When the mulching is finished planting holes can be made in the cardboard/paper and plants planted straight in. In other beds we have made this way plants have been planted first, then the cardboard and mulch layers placed around the plants. On this occasion we will let the mulch settle a little before planting. There is already an established Damson here and a small Amelanchier has also been planted. In true permaculture style everything in this bed will be perennial food crops…herbs and fruits plus a few flowers for colour and for the insects. Willow itself is a great plant for biodiversity as it supports over 250 species. Over time this mulch will rot down and provide nutrition for the plants and improve the soil. It will need renewing each year.
In Cooking, Gardening, sustainable living on April 21, 2011 at 9:57 am
Was asked for a recipe for peach jam yesterday by someone on Twitter, so here it is:
Ingredients: 1kg peaches 1kg sugar juice of 2 lemons
The peaches I used were destoned and in the freezer since last summer. Some recipes say to remove the skin by immersing the fruit in hot water but I left the skins on. When fruit is frozen I find that the juice runs from it when defrosted again. This is good for this recipe as no water is used. Put the fruit into a large pot with a thick base, mash it lightly to release all the juices. Bring to boil, stirring all the time, add sugar and lemon juice. Boil rapidly for about 10 minutes. A hard set will not be obtained as Peaches are low in pectin. Pour hot jam into jars heated in a low oven, seal immediately. Another alternative is to use Sure-set sugar. This has pectin added. You just add the Sure-set to the heated fruit, bring to a rolling boil, keep boiling for 3 minutes. Then pot as usual.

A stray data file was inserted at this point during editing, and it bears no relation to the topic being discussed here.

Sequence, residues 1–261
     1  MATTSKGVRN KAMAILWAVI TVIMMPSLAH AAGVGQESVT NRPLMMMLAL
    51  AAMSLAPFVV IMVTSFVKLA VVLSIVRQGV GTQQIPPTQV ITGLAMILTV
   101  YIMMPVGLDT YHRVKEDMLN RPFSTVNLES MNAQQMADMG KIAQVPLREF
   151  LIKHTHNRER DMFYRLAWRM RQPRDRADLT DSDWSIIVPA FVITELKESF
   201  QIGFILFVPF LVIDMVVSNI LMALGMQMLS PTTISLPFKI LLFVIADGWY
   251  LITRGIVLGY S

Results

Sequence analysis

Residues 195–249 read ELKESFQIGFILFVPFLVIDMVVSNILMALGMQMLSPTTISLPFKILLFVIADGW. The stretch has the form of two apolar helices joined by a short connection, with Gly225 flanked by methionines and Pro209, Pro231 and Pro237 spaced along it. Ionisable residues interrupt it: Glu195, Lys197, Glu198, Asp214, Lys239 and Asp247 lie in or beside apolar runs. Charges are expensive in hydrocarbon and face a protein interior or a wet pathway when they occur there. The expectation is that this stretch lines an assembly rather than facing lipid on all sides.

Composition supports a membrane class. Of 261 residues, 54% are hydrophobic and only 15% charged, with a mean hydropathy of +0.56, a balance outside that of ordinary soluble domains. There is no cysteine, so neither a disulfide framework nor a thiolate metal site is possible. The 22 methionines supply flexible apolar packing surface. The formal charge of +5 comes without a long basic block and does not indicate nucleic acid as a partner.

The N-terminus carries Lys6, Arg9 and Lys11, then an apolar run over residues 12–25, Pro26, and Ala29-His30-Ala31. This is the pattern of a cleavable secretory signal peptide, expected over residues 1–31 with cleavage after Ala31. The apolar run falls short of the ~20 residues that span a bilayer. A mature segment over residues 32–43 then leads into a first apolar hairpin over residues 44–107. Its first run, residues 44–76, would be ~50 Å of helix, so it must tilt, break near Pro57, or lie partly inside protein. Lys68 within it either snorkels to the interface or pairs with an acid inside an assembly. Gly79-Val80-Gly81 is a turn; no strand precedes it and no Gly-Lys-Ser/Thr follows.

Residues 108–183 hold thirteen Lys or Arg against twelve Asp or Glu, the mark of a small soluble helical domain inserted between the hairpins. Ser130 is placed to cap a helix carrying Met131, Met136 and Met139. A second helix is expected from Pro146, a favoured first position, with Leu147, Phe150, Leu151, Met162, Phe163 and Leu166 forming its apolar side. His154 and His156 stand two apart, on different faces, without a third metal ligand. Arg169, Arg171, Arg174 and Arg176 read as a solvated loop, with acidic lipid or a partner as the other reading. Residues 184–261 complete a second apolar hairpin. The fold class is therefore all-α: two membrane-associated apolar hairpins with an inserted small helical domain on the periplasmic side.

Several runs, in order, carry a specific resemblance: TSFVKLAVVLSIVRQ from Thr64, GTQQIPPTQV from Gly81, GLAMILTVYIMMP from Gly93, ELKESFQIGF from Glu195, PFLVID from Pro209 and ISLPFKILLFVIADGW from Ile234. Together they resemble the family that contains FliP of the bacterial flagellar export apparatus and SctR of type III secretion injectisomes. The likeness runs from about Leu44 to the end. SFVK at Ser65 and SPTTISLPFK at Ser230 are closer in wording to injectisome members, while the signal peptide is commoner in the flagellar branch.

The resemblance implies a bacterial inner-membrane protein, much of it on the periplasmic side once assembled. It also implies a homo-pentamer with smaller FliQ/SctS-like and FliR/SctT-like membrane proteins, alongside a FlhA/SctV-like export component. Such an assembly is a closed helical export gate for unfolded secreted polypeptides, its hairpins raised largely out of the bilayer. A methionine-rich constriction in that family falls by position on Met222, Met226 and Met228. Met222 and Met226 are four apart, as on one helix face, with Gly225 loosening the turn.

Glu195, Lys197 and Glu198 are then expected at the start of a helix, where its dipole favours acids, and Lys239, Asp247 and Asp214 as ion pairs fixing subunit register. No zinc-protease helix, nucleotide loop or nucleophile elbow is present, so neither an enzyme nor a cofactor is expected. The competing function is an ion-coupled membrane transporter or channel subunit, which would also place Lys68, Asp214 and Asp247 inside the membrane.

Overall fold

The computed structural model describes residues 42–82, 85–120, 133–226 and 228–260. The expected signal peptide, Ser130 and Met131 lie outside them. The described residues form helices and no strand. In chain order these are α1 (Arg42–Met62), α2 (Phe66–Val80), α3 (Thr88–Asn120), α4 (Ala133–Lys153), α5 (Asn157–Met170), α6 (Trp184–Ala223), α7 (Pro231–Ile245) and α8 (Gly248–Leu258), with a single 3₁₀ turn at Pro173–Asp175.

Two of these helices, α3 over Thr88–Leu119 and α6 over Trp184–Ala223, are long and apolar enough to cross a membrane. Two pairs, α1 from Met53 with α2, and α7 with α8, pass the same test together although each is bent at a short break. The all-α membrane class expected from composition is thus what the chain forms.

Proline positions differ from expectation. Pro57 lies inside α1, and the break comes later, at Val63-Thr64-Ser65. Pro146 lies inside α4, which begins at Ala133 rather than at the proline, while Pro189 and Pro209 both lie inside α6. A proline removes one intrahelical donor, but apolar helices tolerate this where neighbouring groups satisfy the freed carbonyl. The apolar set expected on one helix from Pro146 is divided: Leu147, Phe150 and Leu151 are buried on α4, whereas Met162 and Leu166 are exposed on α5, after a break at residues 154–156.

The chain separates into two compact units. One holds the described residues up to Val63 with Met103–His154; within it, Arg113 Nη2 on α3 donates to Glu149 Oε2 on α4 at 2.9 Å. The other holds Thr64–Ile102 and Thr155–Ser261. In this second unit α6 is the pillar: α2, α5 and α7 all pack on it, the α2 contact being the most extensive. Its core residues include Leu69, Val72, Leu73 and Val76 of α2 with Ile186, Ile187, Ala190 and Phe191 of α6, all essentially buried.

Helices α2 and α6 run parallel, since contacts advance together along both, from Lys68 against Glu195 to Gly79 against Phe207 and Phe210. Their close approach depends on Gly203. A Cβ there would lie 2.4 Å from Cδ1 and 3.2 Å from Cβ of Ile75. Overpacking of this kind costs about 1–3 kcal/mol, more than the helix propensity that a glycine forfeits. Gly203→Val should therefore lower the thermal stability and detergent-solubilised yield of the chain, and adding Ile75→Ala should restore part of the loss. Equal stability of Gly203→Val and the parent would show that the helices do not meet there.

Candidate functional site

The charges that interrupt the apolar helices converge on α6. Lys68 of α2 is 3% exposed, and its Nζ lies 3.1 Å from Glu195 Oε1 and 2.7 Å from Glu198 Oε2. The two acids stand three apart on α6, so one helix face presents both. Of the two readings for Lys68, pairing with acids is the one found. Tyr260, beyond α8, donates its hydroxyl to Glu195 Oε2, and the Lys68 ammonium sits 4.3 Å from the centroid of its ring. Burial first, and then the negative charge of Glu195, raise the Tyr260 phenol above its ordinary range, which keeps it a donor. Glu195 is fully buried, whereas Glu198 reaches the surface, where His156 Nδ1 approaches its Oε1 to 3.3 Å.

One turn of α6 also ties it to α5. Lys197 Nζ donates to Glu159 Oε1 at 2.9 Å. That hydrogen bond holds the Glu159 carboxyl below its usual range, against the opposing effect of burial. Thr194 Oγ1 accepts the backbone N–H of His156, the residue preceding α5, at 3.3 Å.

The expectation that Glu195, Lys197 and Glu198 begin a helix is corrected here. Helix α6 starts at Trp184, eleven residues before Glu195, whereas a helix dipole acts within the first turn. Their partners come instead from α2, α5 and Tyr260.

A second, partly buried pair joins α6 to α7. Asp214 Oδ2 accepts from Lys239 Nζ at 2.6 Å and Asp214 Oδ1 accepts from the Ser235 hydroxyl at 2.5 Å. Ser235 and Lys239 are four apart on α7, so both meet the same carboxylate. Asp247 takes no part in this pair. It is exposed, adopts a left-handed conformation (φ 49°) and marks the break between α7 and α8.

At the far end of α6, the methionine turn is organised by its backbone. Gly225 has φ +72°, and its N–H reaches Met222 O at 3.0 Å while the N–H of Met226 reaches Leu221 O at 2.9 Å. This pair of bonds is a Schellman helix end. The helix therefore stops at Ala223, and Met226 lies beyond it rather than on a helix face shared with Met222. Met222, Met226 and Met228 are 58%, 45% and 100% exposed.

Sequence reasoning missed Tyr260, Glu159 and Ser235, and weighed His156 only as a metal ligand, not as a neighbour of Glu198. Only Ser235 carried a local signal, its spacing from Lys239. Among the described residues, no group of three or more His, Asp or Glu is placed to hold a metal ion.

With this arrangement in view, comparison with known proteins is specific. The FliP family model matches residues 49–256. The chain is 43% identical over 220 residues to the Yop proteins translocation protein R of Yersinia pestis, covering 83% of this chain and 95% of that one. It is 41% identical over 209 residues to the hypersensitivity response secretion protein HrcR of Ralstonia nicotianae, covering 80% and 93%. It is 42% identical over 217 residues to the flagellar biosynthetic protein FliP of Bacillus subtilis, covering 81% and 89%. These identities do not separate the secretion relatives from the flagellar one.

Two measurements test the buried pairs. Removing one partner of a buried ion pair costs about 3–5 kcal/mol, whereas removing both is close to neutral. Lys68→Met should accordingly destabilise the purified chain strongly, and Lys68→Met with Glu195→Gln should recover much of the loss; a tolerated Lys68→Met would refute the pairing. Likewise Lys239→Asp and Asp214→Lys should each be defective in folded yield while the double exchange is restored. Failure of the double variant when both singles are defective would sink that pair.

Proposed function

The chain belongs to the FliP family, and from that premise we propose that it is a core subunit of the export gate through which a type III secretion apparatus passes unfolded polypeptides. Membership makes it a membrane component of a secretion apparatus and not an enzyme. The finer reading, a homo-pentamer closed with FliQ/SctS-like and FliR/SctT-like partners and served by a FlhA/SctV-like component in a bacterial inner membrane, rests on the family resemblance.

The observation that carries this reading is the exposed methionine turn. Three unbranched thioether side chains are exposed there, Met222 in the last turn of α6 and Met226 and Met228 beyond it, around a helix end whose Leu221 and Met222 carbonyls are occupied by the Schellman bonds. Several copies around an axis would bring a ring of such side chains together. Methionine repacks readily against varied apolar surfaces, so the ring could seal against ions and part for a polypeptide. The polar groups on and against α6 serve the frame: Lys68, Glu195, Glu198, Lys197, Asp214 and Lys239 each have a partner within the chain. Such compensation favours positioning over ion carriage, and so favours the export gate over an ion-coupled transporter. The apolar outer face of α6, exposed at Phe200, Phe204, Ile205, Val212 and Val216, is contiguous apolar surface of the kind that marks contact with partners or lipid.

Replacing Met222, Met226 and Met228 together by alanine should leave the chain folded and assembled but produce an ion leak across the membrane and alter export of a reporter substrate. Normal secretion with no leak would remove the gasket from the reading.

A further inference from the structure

Meanwhile in the garden some renovation work was done on the small polytunnel. The plastic has been on this tunnel for 11 years so it had a few holes in. These were repaired with a special tape usually available at garden centres, it is expensive at 16 euros a roll, but it’s the only thing that works. Cheaper than new plastic! All the polytunnel sellers will tell you that polytunnel plastic must be replaced after 5 years, rubbish, I know someone with the same plastic on their tunnel for 15 years! Andy also made a new door with this membrane which we got in Tipperary for FREE. New door from polytunnel company, about 100 euros for this size.
The door is opened by rolling it up, there is a stabilising board in middle and bottom. A cup hoop and yes, the good old country reliable, baling twine keeps it open. Cheap as chips, everything hunky dory again!
In Cooking, Gardening, sustainable living on April 11, 2011 at 7:31 am
This little Saxifrage has just come into flower, the blooms are small but so numerous they make a big impact. The Saxifrages are a great choice for a difficult area. This one is growing under a tree on dry, stony ground. They can become over invasive but easy enough to pull out what you don’t want.
Rhubarb, the first welcome fruit of the season is classified as a vegetable in all gardening books. To me it will always be a fruit, usable in jams, chutneys, cakes and crumbles or just plain stewed. ITS A FRUIT! Nothing was harvested from these plants last year, they were planted the previous year and left to develop. We can reap the reward this year. Mulched well with farmyard manure in the Winter they have produced a great healthy looking crop of thick chunky sticks. Rhubarb contains vitamins A and C plus calcium and iron. The leaves are poisonous but can be composted. A natural insecticide can be made by boiling the leaves for about 30 minutes then using the resulting brew against aphids and other pests. 1 and a half kgs of Rhubarb leaves to 3 and a half litres of water.
In the polytunnel yesterday morning, before it got too hot, I pricked out the Cabbages into modules. They will be kept in these until the roots fill the spaces then planted into the earth. By then they will be a good size and less likely to be damaged by slugs!